I left the security of a tenure track assistant professor role for an industry job in 2021 and haven’t regretted it for even a second. Since that time, I’ve heard from many other professors expressing an interest in switching to a career track outside of higher education but having doubts about how—or even if—their academic experience translates into a useful skillset in a different work ecosystem. Over time, I’ve landed on a handful of insights that seem to be relevant and helpful to most people I speak with. Here are my top five for you, wayward, weary, and job-seeking professor:
ONE .:. Smart employers value workers who are intellectually curious and capable of critical thought. You are both. Otherwise, you wouldn’t have earned a terminal degree by developing a deep interest and understanding of an intellectually-demanding topic. Remember: your Ph.D. isn’t a certificate of knowing everything; It’s a license that signals your ability to teach yourself.
TWO .:. You are likely a very strong, if not masterful, communicator. You’ve given thousands of lectures in rooms of a few to a few hundred students or colleagues. You know how to organize ideas. Your grammar is better than average. Can you explain difficult or complex concepts in ways that audiences easily understand? Of course you can. It’s what you do every time you teach. And companies need competent communicators capable of commanding attention in a room.
THREE .:. You’ve managed more Gen Z Zoomers than most. Good non-academic managers understand the need to negotiate objectives, timelines, and other expectations with employees and to give constructive feedback that helps move projects along to completion. That’s exactly what you’ve done in course after course. You gave grades instead of paychecks, but the managing principles between classroom and cubicle are incredibly similar.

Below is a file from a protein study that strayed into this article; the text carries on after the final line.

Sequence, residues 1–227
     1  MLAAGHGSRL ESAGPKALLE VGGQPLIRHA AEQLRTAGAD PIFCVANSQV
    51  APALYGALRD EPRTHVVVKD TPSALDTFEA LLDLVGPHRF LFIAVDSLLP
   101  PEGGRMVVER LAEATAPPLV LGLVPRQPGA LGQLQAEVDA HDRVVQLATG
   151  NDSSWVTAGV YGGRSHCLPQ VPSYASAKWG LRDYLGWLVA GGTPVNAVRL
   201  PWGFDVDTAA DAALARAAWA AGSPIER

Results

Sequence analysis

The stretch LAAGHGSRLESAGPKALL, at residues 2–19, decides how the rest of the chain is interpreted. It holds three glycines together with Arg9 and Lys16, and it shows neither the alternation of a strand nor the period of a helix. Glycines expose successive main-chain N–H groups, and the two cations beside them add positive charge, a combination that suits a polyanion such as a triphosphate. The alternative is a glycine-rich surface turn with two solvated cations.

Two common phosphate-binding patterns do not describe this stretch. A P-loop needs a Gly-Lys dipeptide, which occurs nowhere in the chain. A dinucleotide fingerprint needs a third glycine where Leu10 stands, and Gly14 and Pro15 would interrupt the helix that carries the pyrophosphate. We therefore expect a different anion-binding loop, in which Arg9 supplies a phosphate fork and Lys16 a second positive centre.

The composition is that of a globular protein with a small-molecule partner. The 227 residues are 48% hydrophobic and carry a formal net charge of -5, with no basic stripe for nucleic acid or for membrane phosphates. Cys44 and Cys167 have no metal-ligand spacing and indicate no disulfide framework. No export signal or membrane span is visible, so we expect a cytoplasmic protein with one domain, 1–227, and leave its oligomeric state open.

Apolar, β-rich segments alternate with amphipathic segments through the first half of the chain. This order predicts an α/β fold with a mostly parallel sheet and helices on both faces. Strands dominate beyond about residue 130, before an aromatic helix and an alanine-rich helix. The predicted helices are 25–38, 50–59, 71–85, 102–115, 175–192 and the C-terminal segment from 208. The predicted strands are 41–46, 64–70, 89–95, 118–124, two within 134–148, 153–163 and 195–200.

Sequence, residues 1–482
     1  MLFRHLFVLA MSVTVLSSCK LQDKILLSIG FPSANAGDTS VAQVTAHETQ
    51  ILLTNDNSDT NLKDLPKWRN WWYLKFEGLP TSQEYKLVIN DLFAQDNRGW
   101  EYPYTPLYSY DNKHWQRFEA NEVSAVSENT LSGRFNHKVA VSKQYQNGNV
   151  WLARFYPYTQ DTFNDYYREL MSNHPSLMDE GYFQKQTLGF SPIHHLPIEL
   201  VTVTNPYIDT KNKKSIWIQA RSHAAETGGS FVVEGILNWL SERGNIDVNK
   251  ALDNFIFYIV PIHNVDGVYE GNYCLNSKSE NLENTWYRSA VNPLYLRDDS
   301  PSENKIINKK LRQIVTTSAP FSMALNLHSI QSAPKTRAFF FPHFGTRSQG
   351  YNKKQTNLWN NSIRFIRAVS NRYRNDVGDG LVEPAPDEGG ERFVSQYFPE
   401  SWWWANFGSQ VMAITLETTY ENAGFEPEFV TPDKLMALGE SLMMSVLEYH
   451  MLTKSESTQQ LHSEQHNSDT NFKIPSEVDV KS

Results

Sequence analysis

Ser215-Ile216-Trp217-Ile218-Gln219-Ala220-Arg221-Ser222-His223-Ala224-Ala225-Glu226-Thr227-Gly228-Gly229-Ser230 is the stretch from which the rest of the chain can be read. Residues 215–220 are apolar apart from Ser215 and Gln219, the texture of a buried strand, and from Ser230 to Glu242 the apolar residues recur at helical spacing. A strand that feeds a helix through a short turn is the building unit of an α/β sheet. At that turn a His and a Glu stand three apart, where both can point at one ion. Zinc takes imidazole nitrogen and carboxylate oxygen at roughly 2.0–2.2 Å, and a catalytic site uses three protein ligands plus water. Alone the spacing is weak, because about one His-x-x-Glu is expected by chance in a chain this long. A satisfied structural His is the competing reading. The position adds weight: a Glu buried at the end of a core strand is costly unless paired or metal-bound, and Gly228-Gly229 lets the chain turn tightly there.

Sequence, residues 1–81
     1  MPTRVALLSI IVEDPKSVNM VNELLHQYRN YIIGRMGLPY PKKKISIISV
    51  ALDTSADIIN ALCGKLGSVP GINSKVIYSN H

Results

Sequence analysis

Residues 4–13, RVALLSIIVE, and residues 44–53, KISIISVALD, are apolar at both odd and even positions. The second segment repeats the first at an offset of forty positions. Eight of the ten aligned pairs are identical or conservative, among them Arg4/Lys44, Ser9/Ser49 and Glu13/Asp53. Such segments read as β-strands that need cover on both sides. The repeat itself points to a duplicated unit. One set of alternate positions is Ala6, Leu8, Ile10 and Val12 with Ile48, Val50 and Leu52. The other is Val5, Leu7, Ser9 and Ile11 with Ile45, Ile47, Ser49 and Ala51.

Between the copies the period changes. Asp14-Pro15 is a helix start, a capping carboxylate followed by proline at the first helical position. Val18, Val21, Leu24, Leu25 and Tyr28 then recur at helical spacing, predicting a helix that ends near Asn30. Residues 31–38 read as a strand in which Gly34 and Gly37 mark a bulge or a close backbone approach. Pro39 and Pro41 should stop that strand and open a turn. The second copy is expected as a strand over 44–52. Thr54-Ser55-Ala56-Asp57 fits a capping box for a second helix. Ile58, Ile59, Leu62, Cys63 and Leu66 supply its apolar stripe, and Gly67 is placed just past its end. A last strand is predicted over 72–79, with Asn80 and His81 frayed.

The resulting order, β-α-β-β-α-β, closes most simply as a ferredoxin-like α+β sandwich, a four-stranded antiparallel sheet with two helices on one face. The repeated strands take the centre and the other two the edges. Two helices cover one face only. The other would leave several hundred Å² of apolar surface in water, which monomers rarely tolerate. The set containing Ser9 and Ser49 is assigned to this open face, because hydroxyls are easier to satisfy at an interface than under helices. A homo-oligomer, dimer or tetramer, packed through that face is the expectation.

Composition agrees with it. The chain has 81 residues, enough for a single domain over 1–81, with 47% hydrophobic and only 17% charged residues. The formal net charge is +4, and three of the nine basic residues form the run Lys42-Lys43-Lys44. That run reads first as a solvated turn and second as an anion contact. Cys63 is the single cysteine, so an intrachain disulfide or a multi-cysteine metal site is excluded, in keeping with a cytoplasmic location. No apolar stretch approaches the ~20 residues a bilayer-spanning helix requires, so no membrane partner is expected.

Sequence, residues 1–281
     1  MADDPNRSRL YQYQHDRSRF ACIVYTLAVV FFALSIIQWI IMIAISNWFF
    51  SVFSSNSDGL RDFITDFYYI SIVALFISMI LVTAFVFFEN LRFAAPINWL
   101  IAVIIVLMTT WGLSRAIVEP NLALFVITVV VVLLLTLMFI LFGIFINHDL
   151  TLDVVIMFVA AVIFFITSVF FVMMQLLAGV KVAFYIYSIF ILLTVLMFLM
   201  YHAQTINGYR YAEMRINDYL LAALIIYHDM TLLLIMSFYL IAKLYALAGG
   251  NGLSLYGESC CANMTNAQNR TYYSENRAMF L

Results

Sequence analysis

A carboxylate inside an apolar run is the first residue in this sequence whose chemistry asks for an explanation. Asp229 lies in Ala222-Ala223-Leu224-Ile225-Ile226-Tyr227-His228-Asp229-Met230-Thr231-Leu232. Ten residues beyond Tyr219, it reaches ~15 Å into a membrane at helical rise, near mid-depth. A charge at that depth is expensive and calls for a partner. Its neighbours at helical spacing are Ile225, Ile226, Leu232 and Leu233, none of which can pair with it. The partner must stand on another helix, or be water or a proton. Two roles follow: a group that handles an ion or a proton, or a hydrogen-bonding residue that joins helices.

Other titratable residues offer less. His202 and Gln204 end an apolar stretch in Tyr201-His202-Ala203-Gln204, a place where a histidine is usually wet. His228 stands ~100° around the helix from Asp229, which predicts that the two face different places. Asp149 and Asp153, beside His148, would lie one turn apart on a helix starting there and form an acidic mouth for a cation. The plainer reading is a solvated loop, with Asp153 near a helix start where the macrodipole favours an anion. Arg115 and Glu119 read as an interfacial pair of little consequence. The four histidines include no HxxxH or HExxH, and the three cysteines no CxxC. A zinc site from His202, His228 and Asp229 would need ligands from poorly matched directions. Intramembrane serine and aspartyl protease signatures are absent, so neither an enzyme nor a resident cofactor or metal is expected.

FOUR .:. You have a deep understanding of research methods and data analysis. You know what can and can’t be established from a survey, focus group, or interview’s findings and conclusions. You can call bullshit on bad research vendors more competently than anyone currently working for most companies. Business leaders rely on research insights more than ever to make informed decisions. You’re an asset to potential employers as a result.
FIVE .:. Contemporary employers are actively, rapidly, and (for the most part) sincerely adopting diversity, equity, and inclusion practices and policies. To their credit, universities have largely led on DEI initiatives and you’ve likely served on committees, contributed to handbooks, and implemented DEI language into classrooms which makes you knowledgeable in ways that can benefit many potential employers.
Those are my top five. I’m sure there are plenty of other helpful insights out in the aether of the internet that can help you think through selling the tremendous value you can offer employers that don’t have college or university in their name.